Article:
Tuesday, May 24, 2011

Police suicides

Pondicherry police - kepis
Five police constables from Pune committed suicide this year. Suicide by police personnel the world over has been extensively reported. It is generally known that the occupation is stressful and associated with psychological stressors that make personnel prone to suicide. However, there is a marked variance in reported rates and stressors. Local factors may overshadow any generalisations even within the country. For instance, in the US/Europe firearms are the most common suicide method used by police (61-77%), but in Pune hanging was the only method used.

Sources of stress in police personnel

There is conflicting evidence as to the extent to which police constitute a high risk group for suicide. A study of well-being in police at Bangalore showed they were were better adjusted and had a better quality of life than comparable middle class urban factory workers (Geetha 1998). However, they had poorer social contact and support beyond the immediate family. This was attributed to their long working hours, requirement to be on duty during holidays, and the prevalent negative attitude of the public towards the police in general. Traffic policemen, personnel with higher education, and freshly recruited personnel were found to be under greater stress.

Police suicides are an interaction of personal vulnerabilities, workplace stressors, and environmental factors as is  seen with other worker groups. Two risk factors have been consistently delineated for suicide by police personnel; workplace trauma that increases vulnerability to posttraumatic stress disorders and organisational stressors that lead to burnout. Mental health interventions and organisational change are usually implemented to mitigate these factors. However, little attention is paid to the third leg of police suicide - personal factors (Stuart 2008). Personal factors had a major role to play in the Pune police suicides.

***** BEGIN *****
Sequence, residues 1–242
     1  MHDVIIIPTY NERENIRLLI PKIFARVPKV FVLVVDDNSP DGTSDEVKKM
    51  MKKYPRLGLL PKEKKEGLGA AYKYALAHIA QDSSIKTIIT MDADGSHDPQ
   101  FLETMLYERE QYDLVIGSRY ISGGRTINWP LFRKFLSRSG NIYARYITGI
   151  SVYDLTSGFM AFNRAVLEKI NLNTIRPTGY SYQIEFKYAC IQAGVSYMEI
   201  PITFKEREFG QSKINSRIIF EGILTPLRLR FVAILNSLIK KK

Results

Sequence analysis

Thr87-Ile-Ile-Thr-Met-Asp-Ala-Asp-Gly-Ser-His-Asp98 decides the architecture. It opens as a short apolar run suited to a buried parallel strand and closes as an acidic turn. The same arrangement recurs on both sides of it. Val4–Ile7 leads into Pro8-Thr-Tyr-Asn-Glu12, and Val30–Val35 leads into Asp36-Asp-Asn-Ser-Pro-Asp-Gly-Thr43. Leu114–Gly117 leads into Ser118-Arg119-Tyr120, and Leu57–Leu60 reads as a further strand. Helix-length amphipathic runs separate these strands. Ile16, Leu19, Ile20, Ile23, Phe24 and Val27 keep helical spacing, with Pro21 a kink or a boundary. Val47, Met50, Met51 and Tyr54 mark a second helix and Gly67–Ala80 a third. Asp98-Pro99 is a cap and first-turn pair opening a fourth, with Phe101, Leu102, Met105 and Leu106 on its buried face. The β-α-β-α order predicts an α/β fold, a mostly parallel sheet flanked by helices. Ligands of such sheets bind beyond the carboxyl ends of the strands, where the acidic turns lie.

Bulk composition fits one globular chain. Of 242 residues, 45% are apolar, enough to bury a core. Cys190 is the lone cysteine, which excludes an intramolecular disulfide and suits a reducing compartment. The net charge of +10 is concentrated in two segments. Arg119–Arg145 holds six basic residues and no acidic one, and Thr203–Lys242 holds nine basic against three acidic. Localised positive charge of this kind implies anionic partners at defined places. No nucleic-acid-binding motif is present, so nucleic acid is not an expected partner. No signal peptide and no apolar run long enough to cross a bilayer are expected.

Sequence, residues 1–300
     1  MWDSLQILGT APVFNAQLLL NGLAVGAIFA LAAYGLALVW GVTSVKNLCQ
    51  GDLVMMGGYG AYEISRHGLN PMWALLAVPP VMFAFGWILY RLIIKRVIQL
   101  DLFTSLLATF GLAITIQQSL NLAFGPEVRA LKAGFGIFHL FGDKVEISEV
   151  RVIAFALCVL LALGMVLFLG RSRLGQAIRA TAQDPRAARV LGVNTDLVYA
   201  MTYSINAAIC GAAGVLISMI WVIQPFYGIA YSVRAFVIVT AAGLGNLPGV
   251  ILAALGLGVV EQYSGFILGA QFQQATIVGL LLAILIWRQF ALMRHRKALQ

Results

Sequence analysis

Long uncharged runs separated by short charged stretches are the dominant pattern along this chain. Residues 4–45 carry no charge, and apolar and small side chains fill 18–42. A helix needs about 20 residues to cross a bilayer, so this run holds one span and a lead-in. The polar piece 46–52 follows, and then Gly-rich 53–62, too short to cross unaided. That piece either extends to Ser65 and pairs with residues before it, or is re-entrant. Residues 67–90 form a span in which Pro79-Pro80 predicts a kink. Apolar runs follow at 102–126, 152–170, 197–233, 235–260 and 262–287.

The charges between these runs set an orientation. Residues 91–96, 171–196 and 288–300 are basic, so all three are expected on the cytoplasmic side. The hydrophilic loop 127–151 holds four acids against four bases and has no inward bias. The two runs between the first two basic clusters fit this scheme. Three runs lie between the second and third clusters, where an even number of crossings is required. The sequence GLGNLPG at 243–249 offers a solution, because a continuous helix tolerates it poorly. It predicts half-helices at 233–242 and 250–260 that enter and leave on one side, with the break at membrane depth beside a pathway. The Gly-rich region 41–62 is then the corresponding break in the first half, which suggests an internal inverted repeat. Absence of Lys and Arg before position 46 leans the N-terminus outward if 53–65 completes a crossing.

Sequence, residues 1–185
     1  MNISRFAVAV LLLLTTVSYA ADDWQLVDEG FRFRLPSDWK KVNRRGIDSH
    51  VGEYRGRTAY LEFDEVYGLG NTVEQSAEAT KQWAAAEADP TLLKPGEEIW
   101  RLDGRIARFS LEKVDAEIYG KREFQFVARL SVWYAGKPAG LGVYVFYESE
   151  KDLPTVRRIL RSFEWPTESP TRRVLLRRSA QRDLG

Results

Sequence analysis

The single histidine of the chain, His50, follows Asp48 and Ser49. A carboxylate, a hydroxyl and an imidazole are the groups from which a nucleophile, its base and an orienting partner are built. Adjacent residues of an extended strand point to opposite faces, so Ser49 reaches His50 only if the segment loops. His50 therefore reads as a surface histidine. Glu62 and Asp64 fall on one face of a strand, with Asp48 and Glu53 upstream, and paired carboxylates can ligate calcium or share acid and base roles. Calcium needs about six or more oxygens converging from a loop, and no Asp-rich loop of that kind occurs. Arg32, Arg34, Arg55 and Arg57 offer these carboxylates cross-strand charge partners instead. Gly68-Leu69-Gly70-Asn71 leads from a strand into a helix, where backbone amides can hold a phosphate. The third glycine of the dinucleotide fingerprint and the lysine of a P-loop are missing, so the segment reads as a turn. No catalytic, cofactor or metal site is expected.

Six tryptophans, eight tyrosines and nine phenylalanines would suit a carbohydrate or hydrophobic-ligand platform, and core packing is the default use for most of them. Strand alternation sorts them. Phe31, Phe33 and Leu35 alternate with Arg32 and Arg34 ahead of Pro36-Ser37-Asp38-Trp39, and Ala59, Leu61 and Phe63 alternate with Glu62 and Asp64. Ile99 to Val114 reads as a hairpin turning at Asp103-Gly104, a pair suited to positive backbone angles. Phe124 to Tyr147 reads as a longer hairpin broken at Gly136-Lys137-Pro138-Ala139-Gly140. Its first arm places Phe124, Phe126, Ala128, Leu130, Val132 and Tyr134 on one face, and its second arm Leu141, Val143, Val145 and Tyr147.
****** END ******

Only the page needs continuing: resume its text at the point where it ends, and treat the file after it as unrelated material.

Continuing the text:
Suicide rates in police

Data on suicide rates for police in India is not available. However, the suicide rate in Pune is more than the national average. This rate is still increasing and is 17.3/100000 as of 2009.

Suicide rates in police personnel vary depending on geography. They can be higher than the general population as in Germany (25/100000 vs 20/100000), the same as the general population as in the US (14.9/100000) or half that of the comparable general population as in Canada (14.1/100000).

Suicide rates in police personnel also vary when calculated over long or short time frames, indicating the influence of clustering. This underlines the need for using longer time frames while studying this population (Loo 2003). A historical survey of police suicide from 1843-1992 in Queensland showed the rates reduced from 60/100000 to 20/100000 (Cantor 1995).

The accuracy and validity of police suicide rates are controversial. Under reporting of police suicide is significant (Violanti 2010). Up to 17% of police deaths in the US are classified as undetermined as compared to 8% for military deaths. Official police suicide rates are less accurate and less valid than suicide rates published for other working populations (Violanti 1996). We have already discussed the reasons and results of underestimating suicide rates in India.

What needs to be done

  1. Personal factors that contribute to suicide need special attention. These factors play alongside the workplace and environmental stressors in police personnel. These include psychiatric illnesses, alcoholism, physical ill health and interpersonal and marital problems. These problems are similar to those of the general population.
  2. An early warning system for stressful police events needs to be implemented. The LEOSS (Law Enforcement Officer Stress Survey) is a short 25-item questionnaire specifically designed to evaluate stress in police personnel (Van Hasselt 2003).